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British Prime Minister David Cameron defended his decision to veto European Union treaty changes – after his deputy said the move was “bad for Britain.”
British Prime Minister David Cameron stood before Parliament on Monday and feverishly defended his decision to veto European Union treaty changes at the European Summit last week, The New York Times reported.
Cameron said he made the only reasonable choice to defend Britain’s national interest and said he couldn’t agree to the treaty changes because they would have threatened the competitive future of London’s financial services industry, The Times reported. He was the only leader among the 27 EU nations to reject the treaty.
“Britain remains a full member of the EU and the events of the last week do nothing to change that,” Cameron said, The Times reported. “Our membership of the EU is vital to our national interest. We are a trading nation and we need the single market for trade, investment and jobs.”
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Lawmakers from the opposition Labor Party and from Cameron's coalition Liberal Democrat partners criticized Cameron in the House of Commons for “isolating the UK,” in his decision to reject a deal agreed by other EU nations to prevent a repeat of the euro zone crisis.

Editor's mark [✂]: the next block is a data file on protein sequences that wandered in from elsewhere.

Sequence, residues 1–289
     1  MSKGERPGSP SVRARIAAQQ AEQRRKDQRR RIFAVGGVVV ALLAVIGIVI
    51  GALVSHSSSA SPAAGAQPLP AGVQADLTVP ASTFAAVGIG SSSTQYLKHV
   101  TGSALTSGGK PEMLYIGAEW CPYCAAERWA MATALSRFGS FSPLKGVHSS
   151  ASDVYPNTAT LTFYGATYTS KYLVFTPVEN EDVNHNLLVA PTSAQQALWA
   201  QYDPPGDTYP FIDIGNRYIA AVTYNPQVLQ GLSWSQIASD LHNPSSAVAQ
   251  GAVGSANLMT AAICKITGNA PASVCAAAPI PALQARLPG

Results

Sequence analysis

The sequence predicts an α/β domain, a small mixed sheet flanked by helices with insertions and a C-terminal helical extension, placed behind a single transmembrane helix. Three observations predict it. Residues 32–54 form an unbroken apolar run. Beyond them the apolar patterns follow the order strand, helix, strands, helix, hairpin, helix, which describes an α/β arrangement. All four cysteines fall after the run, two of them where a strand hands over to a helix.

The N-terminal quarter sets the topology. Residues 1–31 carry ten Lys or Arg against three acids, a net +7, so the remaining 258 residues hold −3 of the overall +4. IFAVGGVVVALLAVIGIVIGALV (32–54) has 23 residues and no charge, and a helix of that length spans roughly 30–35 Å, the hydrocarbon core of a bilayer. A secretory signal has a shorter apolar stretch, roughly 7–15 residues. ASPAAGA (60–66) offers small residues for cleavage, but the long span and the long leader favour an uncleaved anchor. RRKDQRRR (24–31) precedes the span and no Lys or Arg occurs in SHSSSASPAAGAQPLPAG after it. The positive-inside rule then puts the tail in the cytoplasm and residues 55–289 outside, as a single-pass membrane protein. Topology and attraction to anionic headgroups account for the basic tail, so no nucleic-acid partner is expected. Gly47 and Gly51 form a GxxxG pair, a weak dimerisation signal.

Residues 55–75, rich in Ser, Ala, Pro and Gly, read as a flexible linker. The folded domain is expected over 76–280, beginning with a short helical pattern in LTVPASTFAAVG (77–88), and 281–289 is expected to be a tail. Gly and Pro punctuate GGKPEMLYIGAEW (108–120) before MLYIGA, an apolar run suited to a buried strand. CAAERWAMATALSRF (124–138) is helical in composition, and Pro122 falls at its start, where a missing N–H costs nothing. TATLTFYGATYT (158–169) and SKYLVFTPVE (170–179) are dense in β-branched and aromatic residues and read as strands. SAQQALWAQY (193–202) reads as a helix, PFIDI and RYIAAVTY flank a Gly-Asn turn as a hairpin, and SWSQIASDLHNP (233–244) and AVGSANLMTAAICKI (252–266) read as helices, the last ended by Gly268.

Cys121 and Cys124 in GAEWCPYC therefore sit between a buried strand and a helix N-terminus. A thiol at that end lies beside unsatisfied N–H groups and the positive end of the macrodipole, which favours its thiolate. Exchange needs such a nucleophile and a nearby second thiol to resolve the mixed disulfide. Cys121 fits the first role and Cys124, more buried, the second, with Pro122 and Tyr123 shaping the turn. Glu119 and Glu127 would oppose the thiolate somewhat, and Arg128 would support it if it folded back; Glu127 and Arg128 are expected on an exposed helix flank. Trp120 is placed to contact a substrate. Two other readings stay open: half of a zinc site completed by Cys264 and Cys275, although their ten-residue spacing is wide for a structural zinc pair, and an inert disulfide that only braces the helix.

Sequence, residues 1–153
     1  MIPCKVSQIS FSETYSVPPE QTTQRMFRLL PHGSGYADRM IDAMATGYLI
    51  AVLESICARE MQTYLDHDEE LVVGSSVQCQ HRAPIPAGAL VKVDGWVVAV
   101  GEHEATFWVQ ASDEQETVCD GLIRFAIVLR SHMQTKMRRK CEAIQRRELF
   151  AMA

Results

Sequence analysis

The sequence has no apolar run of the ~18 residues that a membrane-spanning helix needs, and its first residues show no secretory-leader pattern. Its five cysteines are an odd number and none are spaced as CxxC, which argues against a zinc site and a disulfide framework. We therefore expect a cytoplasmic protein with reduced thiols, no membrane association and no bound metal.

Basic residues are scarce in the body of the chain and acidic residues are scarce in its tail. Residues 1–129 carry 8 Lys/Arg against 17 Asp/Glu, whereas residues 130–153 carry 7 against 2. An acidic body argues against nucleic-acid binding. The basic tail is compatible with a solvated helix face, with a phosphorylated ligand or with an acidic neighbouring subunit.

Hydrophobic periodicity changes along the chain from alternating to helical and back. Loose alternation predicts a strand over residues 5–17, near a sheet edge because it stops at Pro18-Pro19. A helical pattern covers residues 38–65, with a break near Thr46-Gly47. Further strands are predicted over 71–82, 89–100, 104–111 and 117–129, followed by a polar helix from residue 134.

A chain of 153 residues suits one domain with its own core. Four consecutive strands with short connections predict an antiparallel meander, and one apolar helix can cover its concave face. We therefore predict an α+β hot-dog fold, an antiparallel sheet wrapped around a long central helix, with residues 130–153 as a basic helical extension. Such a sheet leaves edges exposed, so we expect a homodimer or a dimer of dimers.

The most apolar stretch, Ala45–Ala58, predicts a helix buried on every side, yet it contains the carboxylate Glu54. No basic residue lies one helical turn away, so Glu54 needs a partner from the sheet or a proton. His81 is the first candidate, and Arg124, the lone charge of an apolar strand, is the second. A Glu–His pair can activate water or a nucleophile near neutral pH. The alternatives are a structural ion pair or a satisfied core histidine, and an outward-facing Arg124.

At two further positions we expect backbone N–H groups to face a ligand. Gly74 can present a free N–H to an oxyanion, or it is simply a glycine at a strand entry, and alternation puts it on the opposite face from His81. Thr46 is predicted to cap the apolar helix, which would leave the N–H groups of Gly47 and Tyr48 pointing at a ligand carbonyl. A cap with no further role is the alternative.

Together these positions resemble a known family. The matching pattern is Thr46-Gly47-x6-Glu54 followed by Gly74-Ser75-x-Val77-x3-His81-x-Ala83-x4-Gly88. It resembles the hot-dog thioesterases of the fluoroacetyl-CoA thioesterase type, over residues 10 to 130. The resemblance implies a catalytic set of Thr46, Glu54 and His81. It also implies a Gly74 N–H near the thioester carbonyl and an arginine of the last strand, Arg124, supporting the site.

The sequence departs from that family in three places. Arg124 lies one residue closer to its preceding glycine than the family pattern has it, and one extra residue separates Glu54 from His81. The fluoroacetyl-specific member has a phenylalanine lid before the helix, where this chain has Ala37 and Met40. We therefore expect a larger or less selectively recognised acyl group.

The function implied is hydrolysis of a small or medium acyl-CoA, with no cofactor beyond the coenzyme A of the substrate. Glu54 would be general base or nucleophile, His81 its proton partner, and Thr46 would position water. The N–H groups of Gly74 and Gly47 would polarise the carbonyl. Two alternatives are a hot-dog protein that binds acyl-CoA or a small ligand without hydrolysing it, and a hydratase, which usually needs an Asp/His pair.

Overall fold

The changes to the EU's Lisbon Treaty, blocked by Cameron, were agreed at a summit of EU leaders in Brussels last Friday.
Following the announcement, Cameron's Liberal Democrat deputy, Nick Clegg, said Sunday that he was "bitterly disappointed" with the veto, adding that it risked marginalizing the UK within Europe.
He told the BBC:
"There's nothing bulldog about Britain hovering somewhere in the mid-Atlantic, not standing tall in Europe, not being taken seriously in Washington ... I don't think that's good for jobs, in the City or elsewhere, I don't think it's good for growth or for families up and down the country."
Both Cameron and the Chancellor of the Exchequer, George Osborne, say the veto was carried out to protect European intervention in London's financial sector, but opposition parties argue that no additional safeguards were achieved, the BBC reported.
In order to proceed, EU treaty changes require the support of all 27 members states. Cameron's statement in front of the House of Commons is being live streamed by the BBC.